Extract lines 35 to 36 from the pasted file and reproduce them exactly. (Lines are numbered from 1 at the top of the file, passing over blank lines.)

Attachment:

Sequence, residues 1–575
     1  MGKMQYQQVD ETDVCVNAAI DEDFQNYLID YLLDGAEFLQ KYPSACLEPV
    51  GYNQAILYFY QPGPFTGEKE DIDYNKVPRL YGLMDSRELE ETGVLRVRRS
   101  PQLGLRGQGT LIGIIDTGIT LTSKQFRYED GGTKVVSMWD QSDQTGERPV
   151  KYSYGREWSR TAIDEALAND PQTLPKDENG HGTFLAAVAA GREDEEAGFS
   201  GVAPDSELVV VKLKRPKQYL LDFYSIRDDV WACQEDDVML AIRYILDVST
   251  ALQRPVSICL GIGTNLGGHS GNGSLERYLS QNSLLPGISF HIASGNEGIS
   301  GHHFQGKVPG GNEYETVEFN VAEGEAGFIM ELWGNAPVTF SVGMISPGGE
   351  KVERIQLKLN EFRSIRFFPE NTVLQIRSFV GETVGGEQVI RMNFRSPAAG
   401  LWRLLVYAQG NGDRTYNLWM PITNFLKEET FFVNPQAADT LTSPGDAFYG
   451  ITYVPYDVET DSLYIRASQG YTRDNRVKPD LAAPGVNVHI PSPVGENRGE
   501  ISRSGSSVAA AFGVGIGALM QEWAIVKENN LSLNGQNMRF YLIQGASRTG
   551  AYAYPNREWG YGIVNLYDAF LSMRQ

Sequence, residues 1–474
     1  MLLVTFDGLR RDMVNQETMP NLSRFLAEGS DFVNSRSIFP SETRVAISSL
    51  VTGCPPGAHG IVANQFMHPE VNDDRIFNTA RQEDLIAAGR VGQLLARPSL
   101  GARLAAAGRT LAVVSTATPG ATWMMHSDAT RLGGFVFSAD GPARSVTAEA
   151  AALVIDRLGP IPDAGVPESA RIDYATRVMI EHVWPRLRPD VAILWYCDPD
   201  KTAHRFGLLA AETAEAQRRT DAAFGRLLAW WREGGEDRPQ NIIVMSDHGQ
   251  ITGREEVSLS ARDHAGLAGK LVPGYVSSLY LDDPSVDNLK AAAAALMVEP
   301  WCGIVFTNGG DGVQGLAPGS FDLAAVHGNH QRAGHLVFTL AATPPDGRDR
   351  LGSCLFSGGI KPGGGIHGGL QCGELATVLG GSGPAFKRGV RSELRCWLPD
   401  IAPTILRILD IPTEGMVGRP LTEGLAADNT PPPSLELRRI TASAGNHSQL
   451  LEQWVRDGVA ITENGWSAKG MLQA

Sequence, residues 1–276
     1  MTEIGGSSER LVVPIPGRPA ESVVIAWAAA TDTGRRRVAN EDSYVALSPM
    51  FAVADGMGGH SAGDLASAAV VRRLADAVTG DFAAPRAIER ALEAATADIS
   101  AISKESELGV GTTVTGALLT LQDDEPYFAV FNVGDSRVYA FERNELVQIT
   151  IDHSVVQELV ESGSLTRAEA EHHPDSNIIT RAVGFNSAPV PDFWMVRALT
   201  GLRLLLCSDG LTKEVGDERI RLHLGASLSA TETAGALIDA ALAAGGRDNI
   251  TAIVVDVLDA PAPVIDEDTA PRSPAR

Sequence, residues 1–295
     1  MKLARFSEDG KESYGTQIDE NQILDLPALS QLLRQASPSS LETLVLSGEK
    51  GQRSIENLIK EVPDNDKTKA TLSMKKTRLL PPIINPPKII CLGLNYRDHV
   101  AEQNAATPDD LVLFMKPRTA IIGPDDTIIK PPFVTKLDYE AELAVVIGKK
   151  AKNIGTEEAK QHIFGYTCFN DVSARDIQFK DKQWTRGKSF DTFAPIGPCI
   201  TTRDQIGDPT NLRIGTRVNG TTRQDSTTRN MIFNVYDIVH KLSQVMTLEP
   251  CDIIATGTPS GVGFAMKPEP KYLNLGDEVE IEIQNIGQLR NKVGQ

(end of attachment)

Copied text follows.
   101  AEQNAATPDD LVLFMKPRTA IIGPDDTIIK PPFVTKLDYE AELAVVIGKK
   151  AKNIGTEEAK QHIFGYTCFN DVSARDIQFK DKQWTRGKSF DTFAPIGPCI